Sometimes the burdens that we take up will belong to people who are themselves unlovely, out of favor, or in many other ways disadvantaged or marginalized by our society. These are people that Jesus saw in the full light of heaven, for He viewed all people as lovely and every one of us as people for whom grace, mercy, and redemption were poured out on the cross. As Jesus took on the shame of sin for all people, so, too, are we to enter into carrying the burdens and sharing the sorrows of everyone. The dividing walls of culture, society, race, gender, life choices, nationality, and any other separating factors were broken down and eternally abolished by Jesus’ death and the resurrection from death that followed. If we are to suffer at the hands of injustice for the sake of entering into the sorrows and the burdens of those for whom justice is scarce, any pain of hardship that may befall us is for God’s glory and all that we might endure will be counted to our credit by Christ, the only true and righteous judge of people’s hearts. 

Now there is great gain in godliness with contentment, for we brought nothing into the world, and we cannot take anything out of the world.

1 Timothy 6: 6

There is a moment or so in this letter during which Paul seems to be particularly harsh on people who are wealthy. For he will very shortly make the often misquoted statement saying, “For the love of money is a root of all kinds of evils.” He also expends some ink on the fact that having wealth does not equate to contentment in this life. Yet, money, the possession or the lack of it, and even the processes that are involved in earning it are not really what the Apostle is concerned about. He cares greatly about the state of his reader’s souls and the condition of their hearts. Everything else is secondary, and all of the rest of it falls into order behind the primary issues of orientation, focus, and the application of the skills and energy that we have been given by God.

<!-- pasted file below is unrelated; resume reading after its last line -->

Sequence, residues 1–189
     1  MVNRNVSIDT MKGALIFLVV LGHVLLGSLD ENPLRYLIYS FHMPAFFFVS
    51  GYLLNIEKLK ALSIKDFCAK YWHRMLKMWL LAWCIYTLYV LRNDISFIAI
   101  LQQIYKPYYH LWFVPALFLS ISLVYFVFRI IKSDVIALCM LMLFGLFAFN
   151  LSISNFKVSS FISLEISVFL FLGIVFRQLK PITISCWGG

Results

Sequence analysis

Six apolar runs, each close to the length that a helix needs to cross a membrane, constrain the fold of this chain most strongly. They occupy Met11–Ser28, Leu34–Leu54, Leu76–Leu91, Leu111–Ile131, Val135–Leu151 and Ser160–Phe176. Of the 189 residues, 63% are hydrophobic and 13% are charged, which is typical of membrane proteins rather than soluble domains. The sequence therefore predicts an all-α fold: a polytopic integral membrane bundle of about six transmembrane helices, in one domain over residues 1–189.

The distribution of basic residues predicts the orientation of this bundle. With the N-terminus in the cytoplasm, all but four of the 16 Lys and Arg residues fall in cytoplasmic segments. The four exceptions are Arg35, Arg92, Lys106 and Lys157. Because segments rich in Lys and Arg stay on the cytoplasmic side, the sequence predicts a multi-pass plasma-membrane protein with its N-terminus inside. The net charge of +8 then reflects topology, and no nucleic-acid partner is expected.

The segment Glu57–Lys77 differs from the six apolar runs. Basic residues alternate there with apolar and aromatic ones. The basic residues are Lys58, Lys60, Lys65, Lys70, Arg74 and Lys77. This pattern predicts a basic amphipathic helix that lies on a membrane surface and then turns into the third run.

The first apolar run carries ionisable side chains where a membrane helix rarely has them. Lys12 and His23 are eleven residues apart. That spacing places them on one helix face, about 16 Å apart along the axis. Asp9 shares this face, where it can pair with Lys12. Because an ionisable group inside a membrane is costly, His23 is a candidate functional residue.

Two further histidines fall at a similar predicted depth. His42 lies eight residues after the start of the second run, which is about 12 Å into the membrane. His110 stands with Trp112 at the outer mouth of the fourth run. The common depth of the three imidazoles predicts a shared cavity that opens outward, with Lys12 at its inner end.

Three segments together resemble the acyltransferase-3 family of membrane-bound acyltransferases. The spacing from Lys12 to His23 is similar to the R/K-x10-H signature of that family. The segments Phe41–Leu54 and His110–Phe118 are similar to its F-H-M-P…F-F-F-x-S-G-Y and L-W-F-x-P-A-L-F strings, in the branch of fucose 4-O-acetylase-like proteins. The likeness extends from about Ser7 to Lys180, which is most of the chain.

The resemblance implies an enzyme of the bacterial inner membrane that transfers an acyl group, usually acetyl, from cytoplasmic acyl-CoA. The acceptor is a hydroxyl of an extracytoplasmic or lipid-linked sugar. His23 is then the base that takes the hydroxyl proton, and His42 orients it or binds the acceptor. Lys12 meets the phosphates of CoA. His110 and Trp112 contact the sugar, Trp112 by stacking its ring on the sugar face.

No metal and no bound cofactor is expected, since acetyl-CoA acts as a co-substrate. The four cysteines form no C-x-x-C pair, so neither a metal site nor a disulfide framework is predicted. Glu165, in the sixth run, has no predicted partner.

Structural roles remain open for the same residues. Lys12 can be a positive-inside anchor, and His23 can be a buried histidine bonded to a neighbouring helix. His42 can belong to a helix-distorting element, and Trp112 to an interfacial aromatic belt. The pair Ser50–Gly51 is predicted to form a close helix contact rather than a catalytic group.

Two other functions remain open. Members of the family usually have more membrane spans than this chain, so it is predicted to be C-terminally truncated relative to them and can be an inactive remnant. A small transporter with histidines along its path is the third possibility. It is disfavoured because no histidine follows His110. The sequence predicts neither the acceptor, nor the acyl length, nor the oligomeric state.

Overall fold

According to Paul, if we wish to be truly wealthy in this world, we need to seek after the sorts of riches that are eternal in nature. None of these eternal riches involve gold, silver, bank accounts, or investment portfolios. Yet, the lasting may be influenced by the manner in which we hold and use those perishable forms of wealth. Everything is influenced by perspective, and the net result of what we do is brought about by virtue of the motivation for our actions. Gain for the sake of personal glory, notoriety, or power is never going to bring about satisfaction for the soul. This worldly form of achievement will always fall away at some point along the journey of life. True contentment is found in giving ourselves fully to Christ. That is, we find the sort of heart and soul deep satisfaction in our lives most readily when we lay down our personal goals, wishes, and desires before Christ and yield all of our being to following Him and to service to God’s kingdom as He calls upon us to give it.